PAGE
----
Fuhrer King of Amestris. Fuhrer King of Amestris. The very position that Roy had been working towards his entire life. All these years of scheming and planning and fighting, studying alchemy and climbing the career ladder, and now here it was, right in front of him. He remembered standing in Ishval years ago with Maes Hughes, looking up at Bradley and swearing that someday he would be up on that podium wearing the title of Fuhrer. Someday, he had promised, he would have the power to protect the ones he loved, and now that power was so close he could almost taste it. All the blood, sweat and tears had been leading up to this one moment. All he had to do was say yes, to accept Grumman's offer, and he would have succeeded. He would have done what he'd promised Hughes he would and all his work, pain and sacrifices would have been worth it.
Grumman looked at him expectantly as he sat, speechless. "Do you need some time to think, Mustang?"
He opened his mouth, realised he had nothing to say and closed it again, then fumbled around in the muddled recesses of his brain and managed to string together a sentence. "No, sir."
"Fuhrer King Grumman, I respectfully decline your offer."
Grumman's eyebrows almost shot off the top of his head. "But why not? Isn't that what you've always wanted?"
"It is. But I don't think I'm ready for it quite yet. I'm not nearly experienced enough to lead an entire country. Besides, I've caused a lot of destruction in my life, you know." He gestured to the window behind him. "See all those ruined buildings? I don't know how much of that was my work, if any of it, but it doesn't matter. I still contributed to the destruction of this place, and I can't in good conscience rule it before I've helped to reconstruct it. I need to help these people rebuild their lives before I can take the seat of command." He allowed a smile to creep onto his face. "I need to fix my old mistakes before I can go off and make new ones."
Grumman stared at him in silence for a few more seconds, then burst out laughing. "Roy Mustang," he managed between roars of laughter, "you really are something, you know that?"
"So I've been told, sir."
"Very well then," he said, becoming serious again almost instantly. "I respect your decision. I suppose this old fogey's not completely washed up just yet. I'll keep this country running until you can take it from me, Mustang. I'll keep going so that you can catch up."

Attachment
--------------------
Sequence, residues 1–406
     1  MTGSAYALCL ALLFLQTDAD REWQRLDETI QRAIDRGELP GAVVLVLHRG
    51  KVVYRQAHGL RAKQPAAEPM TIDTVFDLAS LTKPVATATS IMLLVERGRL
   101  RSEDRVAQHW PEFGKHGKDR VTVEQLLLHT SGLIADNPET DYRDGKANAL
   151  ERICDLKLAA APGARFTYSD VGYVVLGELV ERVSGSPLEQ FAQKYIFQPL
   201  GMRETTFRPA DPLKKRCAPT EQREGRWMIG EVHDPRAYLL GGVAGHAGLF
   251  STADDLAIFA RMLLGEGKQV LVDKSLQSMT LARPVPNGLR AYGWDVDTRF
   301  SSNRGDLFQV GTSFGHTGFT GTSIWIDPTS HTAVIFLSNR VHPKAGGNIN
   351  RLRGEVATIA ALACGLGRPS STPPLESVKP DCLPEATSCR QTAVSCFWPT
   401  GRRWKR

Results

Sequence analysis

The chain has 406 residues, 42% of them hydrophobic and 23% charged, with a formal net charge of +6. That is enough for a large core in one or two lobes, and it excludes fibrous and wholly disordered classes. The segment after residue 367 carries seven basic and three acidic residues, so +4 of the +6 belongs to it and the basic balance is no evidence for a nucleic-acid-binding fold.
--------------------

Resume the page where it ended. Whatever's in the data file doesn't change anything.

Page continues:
And with that, he stood up, straightened his uniform and strolled out through the door, pausing only to wink knowingly at Roy before disappearing around the corner.
There were a few moments of silence.
"Go on, then," said Roy, turning to the blonde woman who'd been watching this exchange from behind her desk, silent and unmoving. "Let's hear it. How stupid I am for giving up what I've been fighting for all this time, how everything I ever wanted was right in front of me and I turned it down, how I'm a hopeless idiot and you should shoot me right now. Let's get it over with."
"Why would I say that?" she asked. "I think that was a very noble thing to do."
Now it was his turn to stare at her. "Really?"
"Really. I think you've changed a lot in the past few years."
"For better or for worse?"
"For better. Definitely for better."
He smiled and chuckled under his breath. "Yeah, well, don't let it get around. I have a reputation to uphold, you know."
"Will do, sir."
Leaving his desk as messy as ever, Roy stood up and strolled over to the window. Being on the upper floors, it had an excellent view of the surrounding district. He could see the streets and houses of Ishval, all built of mud-brick and all the same dusty ochre colour. People milled around outside, seemingly oblivious to the sun beating incessantly down on them. Some of them were native Ishvalans, working to rebuild their ancestral homes, and some were Amestrian volunteers, helping them despite their differences. The houses themselves were in varying states of disrepair; some looked fine while some were little more than rubble, and Roy knew that other districts a little way away from here were still almost entirely razed to the ground.
But as he looked at the harsh, desolate landscape, the angry sun, the ruined city, he saw a strange kind of beauty. This land refused to lie down and die. He'd noticed it before, when he was helping to destroy the very place he was now working to rebuild. No matter how much they threw at it, the desert just sucked it up. Here was a place with fighting spirit. Even as half the city lay in pieces on the sand, its people still worked to slowly but steadily build it back, stronger than ever. To the inexperienced eye, this land was already dead. But Roy knew that underneath the rubble and sand lay a will to live, the strength and courage to keep fighting for survival.
Yes, there was definitely a lot of beauty out there.
And he realised, as Riza came to join him at the window, that there was a lot of beauty in here as well.